ONCE again, she is trapped in an ankle-deep flood, picking at her fingernails’ cuticles. The water is black, reeking with floating things only God knows what. Already she can see diapers floating, and she scrunches her nose as the putrid smell hits her. It is her second time this week to be stranded, and she doesn’t like it. Everywhere jeepneys are full, and even if she rides one it does not guarantee that she will make it home. At the rate the traffic is going, she’ll be lucky if she even gets home tonight.
She takes a break from plucking her cuticles and wipes the sweat off her face with her handkerchief. What was once a white handkerchief turned into pale yellow, seemingly stained with indelible urine. As it stopped raining, she began to feel the warmth emanating from the dull street lights. The bodies of other stranded people pressed close to hers, coupled with the heat of the engines of the vehicles stuck in traffic. She peers at the watch of the middle-aged woman beside her, and it shows 8:15. A sigh escapes from her lips as she adjusts her bag in her shoulders.
She continues picking at her cuticles unconsciously. Her cuticles are now sticking out from her nail beds, like white wisps from the inside of the skin of a dalandan. It has become a habit of hers, most evident when she’s bored. Sometimes the cuticles are too attached to her skin, but she continues pulling at them, neither hesitating nor even cringing at the pain. She has learned to stand the pain. After all, her hands have gone through a lot more pain than this. Once, when she was seven years old and cutting vegetables to be cooked by her mother, her right ring finger had been cut accidentally, leaving her with a permanent diagonal scar about an inch long. As early as five she had been helping her mother in washing the dishes, which is the reason why at 18, her hands are already rough, even calloused, from all the writing she did for school and for the bookkeeping in their little sari-sari store.
Realizing that standing with all these people in the middle of the flood and waiting for a jeepney to take her home will do her no good, she decides to cross to the other side of the street and start her long trek home. Normally it will only take her 30 minutes by jeepney to go home, but walking is different. Breathing deeply, she raises her already wet white uniform, protecting it from the flood, and starts walking slowly to the other side.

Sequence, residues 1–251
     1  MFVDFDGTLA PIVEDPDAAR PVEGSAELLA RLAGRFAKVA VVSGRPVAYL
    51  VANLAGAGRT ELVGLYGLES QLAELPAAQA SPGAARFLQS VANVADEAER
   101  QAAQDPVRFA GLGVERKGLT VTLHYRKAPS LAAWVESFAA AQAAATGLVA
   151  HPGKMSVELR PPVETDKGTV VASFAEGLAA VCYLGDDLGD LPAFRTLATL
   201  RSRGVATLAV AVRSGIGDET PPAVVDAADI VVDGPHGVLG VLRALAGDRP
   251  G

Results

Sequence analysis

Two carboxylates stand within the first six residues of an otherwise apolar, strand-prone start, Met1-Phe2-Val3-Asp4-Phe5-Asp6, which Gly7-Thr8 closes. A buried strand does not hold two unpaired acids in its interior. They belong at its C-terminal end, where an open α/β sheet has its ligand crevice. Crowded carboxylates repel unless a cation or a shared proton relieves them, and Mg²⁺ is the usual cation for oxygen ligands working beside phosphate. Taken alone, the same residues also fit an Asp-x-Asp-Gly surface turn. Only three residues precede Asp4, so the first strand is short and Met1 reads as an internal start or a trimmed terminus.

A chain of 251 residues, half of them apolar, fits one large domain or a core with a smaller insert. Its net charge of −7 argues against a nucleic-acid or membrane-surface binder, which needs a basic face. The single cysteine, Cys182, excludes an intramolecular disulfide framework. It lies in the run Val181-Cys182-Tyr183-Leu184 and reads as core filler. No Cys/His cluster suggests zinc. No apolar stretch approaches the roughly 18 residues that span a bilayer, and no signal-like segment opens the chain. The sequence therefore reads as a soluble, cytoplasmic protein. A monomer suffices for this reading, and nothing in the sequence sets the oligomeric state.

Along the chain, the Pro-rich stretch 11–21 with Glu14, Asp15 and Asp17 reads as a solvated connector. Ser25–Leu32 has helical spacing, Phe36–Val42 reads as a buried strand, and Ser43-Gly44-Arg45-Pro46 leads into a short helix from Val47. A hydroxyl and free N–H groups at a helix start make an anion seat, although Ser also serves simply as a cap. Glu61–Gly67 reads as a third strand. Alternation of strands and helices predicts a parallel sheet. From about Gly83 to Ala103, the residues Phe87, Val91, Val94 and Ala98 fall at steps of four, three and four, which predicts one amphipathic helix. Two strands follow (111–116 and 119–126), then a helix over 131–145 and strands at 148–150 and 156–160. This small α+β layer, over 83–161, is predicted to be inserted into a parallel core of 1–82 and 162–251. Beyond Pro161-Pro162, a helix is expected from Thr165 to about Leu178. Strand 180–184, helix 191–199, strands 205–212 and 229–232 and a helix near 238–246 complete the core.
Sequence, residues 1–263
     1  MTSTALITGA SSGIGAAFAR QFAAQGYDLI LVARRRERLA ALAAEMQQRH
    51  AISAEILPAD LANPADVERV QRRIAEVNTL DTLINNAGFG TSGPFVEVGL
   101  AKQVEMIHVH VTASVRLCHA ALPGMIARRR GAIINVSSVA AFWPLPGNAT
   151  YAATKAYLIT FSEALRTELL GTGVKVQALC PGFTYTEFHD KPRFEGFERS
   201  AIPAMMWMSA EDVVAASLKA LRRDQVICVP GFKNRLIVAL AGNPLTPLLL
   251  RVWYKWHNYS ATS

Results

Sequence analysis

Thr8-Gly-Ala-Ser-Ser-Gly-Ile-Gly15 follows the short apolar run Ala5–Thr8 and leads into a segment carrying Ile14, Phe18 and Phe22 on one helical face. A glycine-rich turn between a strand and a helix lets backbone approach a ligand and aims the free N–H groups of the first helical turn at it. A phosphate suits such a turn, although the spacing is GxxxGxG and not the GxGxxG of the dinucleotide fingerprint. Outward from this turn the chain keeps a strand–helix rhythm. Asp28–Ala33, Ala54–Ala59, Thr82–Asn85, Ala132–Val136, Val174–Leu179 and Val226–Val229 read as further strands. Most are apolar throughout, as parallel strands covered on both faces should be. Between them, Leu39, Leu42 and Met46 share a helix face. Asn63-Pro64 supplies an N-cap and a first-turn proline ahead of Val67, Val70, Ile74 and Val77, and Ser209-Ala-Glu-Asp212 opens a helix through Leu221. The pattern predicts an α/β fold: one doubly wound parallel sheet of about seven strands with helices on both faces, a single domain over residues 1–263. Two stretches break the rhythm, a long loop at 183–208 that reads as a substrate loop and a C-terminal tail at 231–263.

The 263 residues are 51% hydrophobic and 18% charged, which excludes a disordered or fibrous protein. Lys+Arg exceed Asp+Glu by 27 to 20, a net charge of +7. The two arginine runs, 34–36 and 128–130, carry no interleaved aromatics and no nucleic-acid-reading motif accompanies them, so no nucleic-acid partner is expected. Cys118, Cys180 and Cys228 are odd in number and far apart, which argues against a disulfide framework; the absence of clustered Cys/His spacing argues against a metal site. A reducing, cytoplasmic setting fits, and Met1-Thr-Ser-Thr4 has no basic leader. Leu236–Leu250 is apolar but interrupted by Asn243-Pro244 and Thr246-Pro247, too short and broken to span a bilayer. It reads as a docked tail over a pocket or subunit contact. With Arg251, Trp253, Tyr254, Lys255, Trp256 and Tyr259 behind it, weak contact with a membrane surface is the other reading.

She feels the ground first before taking a small step, careful in case she falls into an open manhole. As she goes further it gets deeper, but she does not notice this as she is so intent on her footing. The water then reaches just below her knees.
Suddenly she steps on an uneven road and she loses her footing. She almost stumbles, but a hand catches her, keeping her steady. A voice of a man in her ear drowns out the noise of the traffic. “Hey miss, are you all right?”
She looks at the man holding her elbow firmly, a student like her. He is not from her school, but his white clothes tell her that he’s a Nursing student, just like her. But unlike her, he probably comes from a rich family. His face is not striking, a face that does not emboss in the mind, but not bad-looking either. He is also sweaty and wet like her.
“Yes, I’m okay, thank you,” she replies. She is aware of the smoothness of his hand on her elbow, so contrary to her own. The man has a white complexion, and beside him she feels inferior in her mocha-brown tan.
“Come on, hold my hand until we reach the other side,” he says rather impatiently, but she senses a tinge of concern in his voice. They lock hands, and together they traverse the other side, slowly but surely.
She thinks of his hands in hers, as smooth as the skin of the apple she wanted to buy yesterday, if only she had money. She is pretty sure that this man beside her has not had a taste of hard labor, has never been made to do anything heavy in his life. Taking a glance at him, she can tell that although not the boy-next-door type, he is pampered. He is given anything he wanted. Why he crosses this kind of flood, she does not know; surely he has a car somewhere. How she envies him suddenly, the life that she deems he has.
After a while they reach the other side and the man releases his hold on her. She stares at his hand and notices how fine it is, how well-taken cared of. The nails are covered in transparent nail polish, shining as the pale yellow street light hits it. If the hands were the only ones seen in the body of this man, she would say they were of a woman’s.
“Well, I got to go. See you around,” the man says, waving her off.
“Thank you very much. Yes, see you around.” She watches him as he walks away from her, toward a rain-drenched car parked nearby. So that’s his car, she thinks. She isn’t wrong in guessing he is a rich kid. He enters the car, and in a while the vehicle joins the traffic, its engine joining the steady groaning of all the other vehicles.
She starts walking to her home. Looking around, she sees the church, illuminated by a lone fluorescent light outside. People are already flocking inside, hoping to find refuge in its blessed corners. She joins the people whose similarly coarse hands are clasped in a fervent prayer, asking God to take them home.
She walks toward the back of the church where the faithful light candles. She picks up an unlighted one from the candelabrum and lights the burnt wick through the other lighted candles. Keeping it close to her breast, she closes her eyes and utters a fervent prayer, not noticing the hot wax sliding down her fingers, cooling and hardening, like distorted protrusions of her nails.

Montage Vol. 10 • December 2006


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